My winter wheat has been fertilized with nitrogen, but is so thin it is going to be sprayed out and seeded to soybeans. Will the extra nitrogen harm the soybeans?

Answer provided by John Heard, MAFRD Crop Nutrition Specialist

Our initial experiences of soybeans and high nitrogen soils in Manitoba were negative. High soil N tends to inhibit nodulation while at the same time this nitrogen tends to grow slightly larger vegetative plants. However after flowering that nitrogen is often insufficient to provide full yield and protein potential for the crop. So we adopted a thumb rule that if soils had more than 60-75 lb nitrate-N/acre, producers should consider growing a crop other than soybeans.   The other crops should benefit more from the N than the soybeans, which would still take up the nitrogen but may not express full yield and protein. Nitrogen was also seen to trigger iron deficiency chlorosis in soybeans grown in wetter, high lime soils.

But more recently farmers and agronomists have observed that soybeans may perform well on some high N soils. This may be because soybeans have been grown more often and a native reserve of rhizobium exists in many of these cropped soils. With industry partners (AGVISE Labs and ToneAg Consulting) we made observations at 13 field demonstrations in 2013 where high soil N levels were simulated with N application (Heard et al, 2013). Our observations were:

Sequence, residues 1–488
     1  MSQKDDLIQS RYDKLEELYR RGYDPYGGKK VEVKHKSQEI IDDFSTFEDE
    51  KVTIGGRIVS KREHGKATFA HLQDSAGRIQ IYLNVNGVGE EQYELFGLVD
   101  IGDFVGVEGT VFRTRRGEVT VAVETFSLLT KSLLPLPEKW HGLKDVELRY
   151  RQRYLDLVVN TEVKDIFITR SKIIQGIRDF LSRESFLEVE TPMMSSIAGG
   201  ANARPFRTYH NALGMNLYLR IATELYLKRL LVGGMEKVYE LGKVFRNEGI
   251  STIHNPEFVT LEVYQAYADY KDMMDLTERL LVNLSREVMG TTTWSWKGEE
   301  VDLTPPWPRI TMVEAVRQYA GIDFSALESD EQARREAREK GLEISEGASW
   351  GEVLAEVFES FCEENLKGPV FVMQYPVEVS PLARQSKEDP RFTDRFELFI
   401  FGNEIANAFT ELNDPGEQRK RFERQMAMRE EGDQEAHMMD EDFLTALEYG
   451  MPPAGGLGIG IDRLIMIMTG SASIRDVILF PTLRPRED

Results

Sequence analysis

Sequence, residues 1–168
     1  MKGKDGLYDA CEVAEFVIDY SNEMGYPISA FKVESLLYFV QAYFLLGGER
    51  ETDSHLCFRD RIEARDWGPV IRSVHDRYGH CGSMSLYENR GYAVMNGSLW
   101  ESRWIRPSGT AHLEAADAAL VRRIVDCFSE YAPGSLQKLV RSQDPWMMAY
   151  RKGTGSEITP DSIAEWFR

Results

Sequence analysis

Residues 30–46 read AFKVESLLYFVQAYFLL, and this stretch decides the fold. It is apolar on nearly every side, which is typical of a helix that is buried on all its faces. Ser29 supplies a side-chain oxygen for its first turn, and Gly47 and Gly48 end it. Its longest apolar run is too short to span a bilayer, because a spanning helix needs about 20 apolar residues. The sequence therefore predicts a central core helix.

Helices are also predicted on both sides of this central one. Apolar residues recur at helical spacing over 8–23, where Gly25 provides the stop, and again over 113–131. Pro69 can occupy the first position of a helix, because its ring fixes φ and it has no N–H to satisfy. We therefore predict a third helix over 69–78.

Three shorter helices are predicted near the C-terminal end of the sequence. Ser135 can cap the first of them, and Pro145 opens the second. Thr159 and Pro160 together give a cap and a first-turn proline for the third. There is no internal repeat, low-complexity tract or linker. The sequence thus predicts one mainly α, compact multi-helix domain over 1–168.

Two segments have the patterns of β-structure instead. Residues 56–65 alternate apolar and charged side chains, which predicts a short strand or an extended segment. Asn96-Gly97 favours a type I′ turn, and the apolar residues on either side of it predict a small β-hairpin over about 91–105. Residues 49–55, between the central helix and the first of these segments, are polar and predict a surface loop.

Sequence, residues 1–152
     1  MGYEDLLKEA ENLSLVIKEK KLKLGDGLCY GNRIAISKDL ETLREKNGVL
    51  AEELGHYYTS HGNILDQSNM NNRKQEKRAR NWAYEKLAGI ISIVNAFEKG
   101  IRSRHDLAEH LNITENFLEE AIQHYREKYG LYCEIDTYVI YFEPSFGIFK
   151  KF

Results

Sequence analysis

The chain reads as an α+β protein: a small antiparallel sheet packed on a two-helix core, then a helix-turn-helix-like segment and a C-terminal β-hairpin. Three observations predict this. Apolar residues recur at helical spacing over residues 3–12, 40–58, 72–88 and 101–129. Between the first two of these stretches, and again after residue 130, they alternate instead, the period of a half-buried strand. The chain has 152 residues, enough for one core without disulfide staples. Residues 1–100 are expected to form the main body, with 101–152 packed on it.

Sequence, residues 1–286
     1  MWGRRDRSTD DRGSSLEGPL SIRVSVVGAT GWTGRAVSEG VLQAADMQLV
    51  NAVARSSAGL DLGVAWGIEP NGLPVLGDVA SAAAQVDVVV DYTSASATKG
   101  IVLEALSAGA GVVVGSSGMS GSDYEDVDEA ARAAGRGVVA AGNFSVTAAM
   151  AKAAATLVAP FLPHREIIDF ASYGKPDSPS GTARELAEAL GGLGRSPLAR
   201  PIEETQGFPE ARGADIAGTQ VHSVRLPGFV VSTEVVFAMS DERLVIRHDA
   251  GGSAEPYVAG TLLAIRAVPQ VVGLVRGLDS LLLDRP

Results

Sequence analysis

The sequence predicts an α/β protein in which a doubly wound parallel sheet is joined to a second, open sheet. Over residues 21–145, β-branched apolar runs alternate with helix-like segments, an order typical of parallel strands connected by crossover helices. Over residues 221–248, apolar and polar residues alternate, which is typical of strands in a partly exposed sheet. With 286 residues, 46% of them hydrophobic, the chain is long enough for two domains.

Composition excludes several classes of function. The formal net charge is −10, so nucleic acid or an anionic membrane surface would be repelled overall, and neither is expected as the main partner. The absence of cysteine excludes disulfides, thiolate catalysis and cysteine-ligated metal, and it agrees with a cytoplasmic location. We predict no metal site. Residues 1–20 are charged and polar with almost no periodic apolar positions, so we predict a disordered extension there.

• Nitrogen at 50-100 lb N/ac reduced nodulation at all sites, but most severely at the virgin or first time soybean sites. Nodule numbers were still generally sufficient on those fields with a previous history of soybeans (Figure 1).
  • Few sites were harvested for yield, but nitrogen affect was more severe on the first year soybeans (reduced yield or lower protein).

Figure 1: Average rhizobium nodules per root from 13 demonstrations in 2013.

Picture1

So if one needs to replant soybeans on a field already fertilized with nitrogen consider:

  • Whether well nodulated soybeans have been grown in the past.
  • Treating fields with a history of soybeans as virgin fields by applying full rate of inoculant
  • Even if fields have high N in the spring, soybeans will largely deplete those reserves during the season

One may still wish to avoid planting soybeans if it is a virgin field or if there is risk of iron deficiency chlorosis.

There was no advantage to supplementing properly nodulated soybeans with additional nitrogen at these sites. In US studies, additional nitrogen appears warranted “sometimes” when yields are very high (>65 bu/ac) or when nodulation failures occur due to acid soil, drought or other adverse weather conditions.

References:

Heard, J., J. Lee and R. Tone. 2013. Nitrogen and soybeans: Friends, foes or just wasted fertility? Manitoba Agropnomists Conference 2013.

http://www.umanitoba.ca/faculties/afs/agronomists_conf/media/2013_Heard_N_on_soybeans_friend_foe_or_waste_Dec_3_final.pdf

 

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